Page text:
Opinion | The sour taste of Europe’s hypocrisy

Dear reader, I hope you have the patience and sympathy to read the following 911 words about the situation facing Greenlandic seal hunters.

First though, as the president of KNAPK, Greenland’s union of fishermen and hunters, I would like to extend a word of thanks to Torsten Nielsen, the managing director of Kopenhagen Fur, for generously footing the bill to run a booth selling sealskin products at Tivoli’s Christmas fair this year.

You support us now just as you, together with the Greenlandic government and the tannery Great Greenland, supported us during our effort to raise awareness about Greenlandic sealskin, first when Copenhagen department store Magasin announced its ban, and then this May, during Labour Day celebrations in Copenhagen. We’re thankful that you, once again, have chosen to support Inuits and seal hunters in Greenland.

You aren’t the only ones that support our sustainable seal hunt. We are proud that the Danish chapter of the World Wildlife Foundation came out this May and stated publicly that the Greenlandic seal hunt is sustainable and humane. Greenpeace Denmark also did the same. We thank them for that. What they say is true, and it is high time people start realising that.

We have chosen to continue our fight against the EU’s ban on the import of sealskin, as well as its so-called ‘Inuit exemption’. The ban itself criminalises the import of all sealskin, except those sold by Inuits. But here, three years after the ban was put in place, Inuit seal hunters sell 90 percent less to the EU than they did in 2006, when the ban first started to be discussed in Brussels. The blanket ban, as well as animal rights activists’ inhumane and misunderstood concern for the animal hunters’ prey, has gradually eroded the market for sealskin over the past three decades. As a result, Greenlandic identity and the way of life of Greenland’s 60 towns are seriously threatened.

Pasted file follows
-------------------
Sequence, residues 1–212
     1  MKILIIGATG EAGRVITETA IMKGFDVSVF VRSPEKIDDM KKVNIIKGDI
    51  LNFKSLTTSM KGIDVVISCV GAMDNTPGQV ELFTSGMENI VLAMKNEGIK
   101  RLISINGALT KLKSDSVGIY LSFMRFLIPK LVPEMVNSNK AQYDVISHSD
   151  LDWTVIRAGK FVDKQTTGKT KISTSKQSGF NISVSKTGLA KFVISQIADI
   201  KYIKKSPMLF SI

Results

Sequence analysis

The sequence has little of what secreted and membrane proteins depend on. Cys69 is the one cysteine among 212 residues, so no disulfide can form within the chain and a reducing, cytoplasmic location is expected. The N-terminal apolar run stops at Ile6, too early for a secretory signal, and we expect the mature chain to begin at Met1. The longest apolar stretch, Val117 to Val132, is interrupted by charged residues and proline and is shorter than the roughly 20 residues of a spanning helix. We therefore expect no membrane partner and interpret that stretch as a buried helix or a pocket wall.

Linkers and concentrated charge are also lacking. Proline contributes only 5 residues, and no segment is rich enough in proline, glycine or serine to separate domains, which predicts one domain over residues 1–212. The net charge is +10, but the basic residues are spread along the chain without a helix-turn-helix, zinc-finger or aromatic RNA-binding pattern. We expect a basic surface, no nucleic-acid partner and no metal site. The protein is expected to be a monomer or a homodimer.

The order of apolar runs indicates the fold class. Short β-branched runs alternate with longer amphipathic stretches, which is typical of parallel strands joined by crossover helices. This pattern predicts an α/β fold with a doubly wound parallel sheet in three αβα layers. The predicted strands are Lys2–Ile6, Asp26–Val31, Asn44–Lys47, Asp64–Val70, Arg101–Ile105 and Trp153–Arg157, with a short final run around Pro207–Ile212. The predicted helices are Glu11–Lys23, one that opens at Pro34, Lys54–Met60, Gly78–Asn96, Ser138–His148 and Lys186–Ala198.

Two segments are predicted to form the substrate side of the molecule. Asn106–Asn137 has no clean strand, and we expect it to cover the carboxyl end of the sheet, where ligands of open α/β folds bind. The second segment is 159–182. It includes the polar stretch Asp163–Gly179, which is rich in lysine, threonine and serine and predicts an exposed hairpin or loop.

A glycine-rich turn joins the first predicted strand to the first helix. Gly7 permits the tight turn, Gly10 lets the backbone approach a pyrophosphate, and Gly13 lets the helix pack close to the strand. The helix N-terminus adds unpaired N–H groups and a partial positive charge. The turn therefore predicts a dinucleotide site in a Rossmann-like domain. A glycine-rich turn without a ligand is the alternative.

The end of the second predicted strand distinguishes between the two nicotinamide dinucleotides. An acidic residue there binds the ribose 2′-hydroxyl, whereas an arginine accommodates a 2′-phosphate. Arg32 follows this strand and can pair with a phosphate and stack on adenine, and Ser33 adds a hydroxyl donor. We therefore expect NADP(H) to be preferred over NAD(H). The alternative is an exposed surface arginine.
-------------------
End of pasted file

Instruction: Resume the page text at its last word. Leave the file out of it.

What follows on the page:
To those of you reading this who are trying to understand what I am trying to say, let me make it clear: we believe that understanding and tolerance are better than a ban, as it would give consumers the opportunity to come to their own conclusion before buying this year’s Christmas gifts.

What we are asking for is fair and equal access to the market and to consumers. Blanket bans and failure to recognise seal as a natural resource appears to us in the Arctic to be not only hypocritical, but also demeaning towards our culture and our identity. In truth, I see this as nothing less than a clear violation of the UN declaration of the rights of aboriginal peoples.

For modern Inuits, the seal is an irreplaceable part of our life and our identity. In our world, close to nature, our lives are closely tied to the seal. On the one hand, we offer it our respect and our admiration; on the other hand, we shoot them, we eat them and we have nothing against selling their hides.

I repeat what I said during my address in Copenhagen in May: we shoot seals in Greenland. Seals that have lived a life in the wild are shot by skilled hunters who treat their prey with the full respect they deserve. The first Inuits would not have survived in Greenland had it not been for the seal; they provided food, blubber for fuel and hides for warmth. This is why we respect the seal. To this day, the seal is an essential part of our diet, and the sale of sealskin is an important source of income for hunters and their families.

What makes the EU’s blanket ban and its consequent criminalisation of the sealskin trade even harder to understand is the fact that today’s seal hunt is 100 percent sustainable. The two most important species, the harp seal and the ringed seal, have a combined population of 12 million and rising. Each year, some 150,000 seals are shot. There are, in fact, so many seals that they threaten fishing stocks and the livelihood of another group of Greenlanders, our fishermen. Even the EU’s own fishing authority is seeking to regulate seal populations on the union’s own coasts – only without actually making use of their meat or hides. My dear readers, can you see the logic here? We Inuits sure can’t.

My wish is to be able to inform people about Inuits and seal hunters so that they can be knowledgeable, tolerant and at ease about our seal hunt. We also hope that Danish lawmakers will stop sitting on their hands and work to gain sympathy for our situation and to show that tolerance and understanding are better than a ban for us: Inuits and the EU.

Before ending, I’d like to cite another of the experts who voiced their support for us during our demonstration in May. Professor Michael Böos of the Centre for Canadian Studies at the University of Aarhus wrote, in an op-ed entitled ‘Give us this day our daily seal’, that “even though it might not be the most politically correct thing you could do, buying a sealskin jacket next winter is actually the most ethical thing you can do.”

Lastly, it’s interesting to point out that in May, Magasin, which is owned by the UK’s Debenhams, implemented an animal welfare policy. The policy stipulates that it will only sell fur from animals slaughtered in the food industry. According to Debenhams, then, Inuit seal isn’t a source of food.

The author is the president of KNAPK, the Greenlandic association of fishermen and hunters.